This Sunday, the lectionary invites us to ponder a passage which the ESV titles “Labourers in the vineyard.” It’s in the Gospel according to Matthew, chapter 20, verses 1-16. Do read it before you continue reading this post.
It’s a Jesus parable, a story with a sting. There are two key players. First, a wealthy landowner. Second, landless peasants who go hungry if someone doesn’t hire them. The landowner hires a first batch of peasants after promising them the going rate of a denarius for the day. He hires four more batches, the last of whom work for only one hour. He pays the one-hour workers first and works his way up to the 12-hour workers. All get one denarius. One 12-hour man tells the landowner he’s unjust. The landowner responds, “why do you label my generosity ‘injustice’?”
Read in isolation, the point Jesus wished to make isn’t clear. Even when read in context, the lesson isn’t immediately obvious.
The title in the ESV doesn’t help us understand. Even the title in The Message version doesn’t help: “A story about workers.” The title in the J B Phillips version is helpful: “But God’s generosity may appear unfair.”
Last week, in The man God delivered to the jailers, I introduced the word “pericope.” One reason why it’s so hard to title the present passage is because it can stand alone: it’s a pericope. But when it’s made to stand alone – as in the lectionary – it’s impossible to understand!
Readers of The Living Bible may struggle less to understand it, because this version doesn’t insert paragraph breaks. It doesn’t even supply headings. So, it’s easier to see the context of the passage, which Bible scholar Klyne Snodgrass expresses clearly:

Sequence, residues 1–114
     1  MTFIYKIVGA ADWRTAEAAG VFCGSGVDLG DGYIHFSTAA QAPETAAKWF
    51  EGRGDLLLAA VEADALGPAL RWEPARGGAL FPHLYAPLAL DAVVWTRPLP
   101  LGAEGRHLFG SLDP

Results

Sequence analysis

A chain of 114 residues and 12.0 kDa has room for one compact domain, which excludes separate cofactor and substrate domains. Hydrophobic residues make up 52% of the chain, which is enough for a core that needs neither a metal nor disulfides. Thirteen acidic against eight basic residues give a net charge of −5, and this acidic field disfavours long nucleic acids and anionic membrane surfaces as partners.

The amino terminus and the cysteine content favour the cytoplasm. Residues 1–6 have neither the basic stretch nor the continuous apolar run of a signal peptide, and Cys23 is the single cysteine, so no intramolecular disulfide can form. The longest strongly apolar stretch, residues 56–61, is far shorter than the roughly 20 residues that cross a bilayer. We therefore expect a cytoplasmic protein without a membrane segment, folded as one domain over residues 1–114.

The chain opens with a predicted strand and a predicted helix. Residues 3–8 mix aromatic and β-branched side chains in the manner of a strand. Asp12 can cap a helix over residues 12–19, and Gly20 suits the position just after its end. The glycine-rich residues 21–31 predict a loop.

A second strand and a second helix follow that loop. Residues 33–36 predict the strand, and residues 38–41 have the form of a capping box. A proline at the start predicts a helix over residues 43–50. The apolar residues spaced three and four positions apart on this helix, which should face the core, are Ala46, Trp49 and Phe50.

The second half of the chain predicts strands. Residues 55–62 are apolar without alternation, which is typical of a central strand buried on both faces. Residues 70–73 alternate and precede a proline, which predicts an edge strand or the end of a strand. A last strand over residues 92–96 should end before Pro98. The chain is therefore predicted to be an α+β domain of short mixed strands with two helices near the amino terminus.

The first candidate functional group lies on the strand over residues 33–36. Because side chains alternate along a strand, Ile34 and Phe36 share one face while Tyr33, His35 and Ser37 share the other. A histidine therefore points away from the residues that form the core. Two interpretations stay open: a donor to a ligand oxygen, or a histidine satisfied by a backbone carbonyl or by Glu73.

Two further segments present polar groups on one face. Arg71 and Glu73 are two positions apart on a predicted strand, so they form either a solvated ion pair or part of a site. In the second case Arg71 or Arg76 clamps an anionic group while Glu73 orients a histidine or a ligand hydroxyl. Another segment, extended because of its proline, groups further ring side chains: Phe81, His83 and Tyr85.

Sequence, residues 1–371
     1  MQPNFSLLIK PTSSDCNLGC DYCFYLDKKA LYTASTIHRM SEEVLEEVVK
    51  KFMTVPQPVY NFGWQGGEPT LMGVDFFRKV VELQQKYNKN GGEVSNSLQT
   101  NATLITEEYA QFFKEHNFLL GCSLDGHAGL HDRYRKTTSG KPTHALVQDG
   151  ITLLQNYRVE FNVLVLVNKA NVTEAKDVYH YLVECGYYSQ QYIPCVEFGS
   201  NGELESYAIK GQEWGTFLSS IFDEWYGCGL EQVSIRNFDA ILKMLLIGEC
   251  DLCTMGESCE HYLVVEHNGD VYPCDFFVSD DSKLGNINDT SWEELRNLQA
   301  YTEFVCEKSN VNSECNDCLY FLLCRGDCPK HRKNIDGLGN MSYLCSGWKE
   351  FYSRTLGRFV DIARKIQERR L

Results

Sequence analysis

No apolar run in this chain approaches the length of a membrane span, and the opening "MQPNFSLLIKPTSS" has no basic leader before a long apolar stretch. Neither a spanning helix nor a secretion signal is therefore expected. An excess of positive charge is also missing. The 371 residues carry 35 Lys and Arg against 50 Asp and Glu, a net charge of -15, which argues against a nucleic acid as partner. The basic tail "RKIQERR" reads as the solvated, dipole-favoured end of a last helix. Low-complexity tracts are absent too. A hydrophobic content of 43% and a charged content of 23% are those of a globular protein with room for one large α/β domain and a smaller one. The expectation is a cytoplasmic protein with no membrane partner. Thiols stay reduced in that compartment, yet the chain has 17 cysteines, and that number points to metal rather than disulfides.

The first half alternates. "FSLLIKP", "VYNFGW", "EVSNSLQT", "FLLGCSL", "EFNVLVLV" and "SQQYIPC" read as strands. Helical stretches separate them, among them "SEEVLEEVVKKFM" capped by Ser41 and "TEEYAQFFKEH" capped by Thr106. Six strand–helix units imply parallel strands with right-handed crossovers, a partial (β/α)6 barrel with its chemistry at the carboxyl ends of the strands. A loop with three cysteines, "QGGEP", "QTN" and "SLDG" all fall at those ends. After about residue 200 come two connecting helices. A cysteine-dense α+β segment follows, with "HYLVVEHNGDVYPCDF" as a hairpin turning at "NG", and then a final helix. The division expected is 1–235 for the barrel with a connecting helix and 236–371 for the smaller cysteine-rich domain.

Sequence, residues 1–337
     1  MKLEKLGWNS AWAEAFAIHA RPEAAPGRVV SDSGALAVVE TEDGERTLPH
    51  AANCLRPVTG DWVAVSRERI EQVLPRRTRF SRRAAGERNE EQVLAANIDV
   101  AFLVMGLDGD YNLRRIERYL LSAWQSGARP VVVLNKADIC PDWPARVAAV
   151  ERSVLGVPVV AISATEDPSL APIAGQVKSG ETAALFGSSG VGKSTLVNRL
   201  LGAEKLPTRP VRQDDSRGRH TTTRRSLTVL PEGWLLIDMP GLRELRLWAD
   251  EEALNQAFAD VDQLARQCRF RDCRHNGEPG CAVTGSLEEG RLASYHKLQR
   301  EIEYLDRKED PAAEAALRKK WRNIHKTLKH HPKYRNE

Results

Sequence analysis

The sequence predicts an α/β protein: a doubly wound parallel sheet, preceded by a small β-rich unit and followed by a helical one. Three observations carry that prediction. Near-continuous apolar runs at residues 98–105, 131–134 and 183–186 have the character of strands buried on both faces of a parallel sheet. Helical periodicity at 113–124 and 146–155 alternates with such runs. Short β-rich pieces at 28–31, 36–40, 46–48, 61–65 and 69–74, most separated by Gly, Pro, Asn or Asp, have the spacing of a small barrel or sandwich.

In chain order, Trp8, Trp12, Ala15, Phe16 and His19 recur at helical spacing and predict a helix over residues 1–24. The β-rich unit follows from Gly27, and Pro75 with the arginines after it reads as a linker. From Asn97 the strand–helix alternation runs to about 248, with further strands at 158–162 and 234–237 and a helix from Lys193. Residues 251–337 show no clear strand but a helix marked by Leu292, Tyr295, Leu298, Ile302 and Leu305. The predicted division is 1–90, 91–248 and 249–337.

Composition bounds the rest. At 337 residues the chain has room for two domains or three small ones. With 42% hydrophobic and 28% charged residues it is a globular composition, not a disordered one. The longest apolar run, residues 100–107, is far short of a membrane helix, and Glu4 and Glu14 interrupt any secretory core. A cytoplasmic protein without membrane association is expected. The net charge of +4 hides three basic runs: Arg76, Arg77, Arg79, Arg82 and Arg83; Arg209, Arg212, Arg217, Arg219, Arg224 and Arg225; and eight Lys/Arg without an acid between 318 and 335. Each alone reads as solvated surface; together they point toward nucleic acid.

The parable is part of Jesus’ answer to a question put to him by Peter:
“We [Jesus’ inner circle] left everything to follow you. What will we get out of it?” (19:27)
Why did Jesus’ inner circle ask him that question? They asked because Jesus had just had a conversation with a rich young man which ended poorly. The man said he’d faultlessly obeyed all of God’s commandments. And he asked Jesus what more he needed to do to “get to heaven.”
Jesus told him to sell everything he had, give it to the poor, and follow him. That was too much for the rich young man. He “went away sadly, for he was very rich” (19:22). Jesus then added:
“It is almost impossible for a rich man to get into the Kingdom of Heaven. I say it again—it is easier for a camel to go through the eye of a needle than for a rich man to enter the Kingdom of God!”
Earlier, Jesus had told the disciples he was going to be killed in Jerusalem – Peter was so upset by this that he tried to “talk sense” to Jesus. I wrote about this in Caught between a sentence now and in the future?
After Jesus’ words to the rich young ruler, and his needle-camel story, the disciples wondered about their future. Would they “get no reward” for their discipleship? What was to be their fate? This was Jesus’ reply:
“In the new world, when the Son of Man will sit on his glorious throne, you … will also sit on twelve thrones, judging the twelve tribes of Israel. 29 And everyone who has left houses or brothers or sisters or father or mother or children or lands, for my name’s sake, will receive a hundredfold and will inherit eternal life. 30 But many who are first will be last, and the last first.” (19:28-30)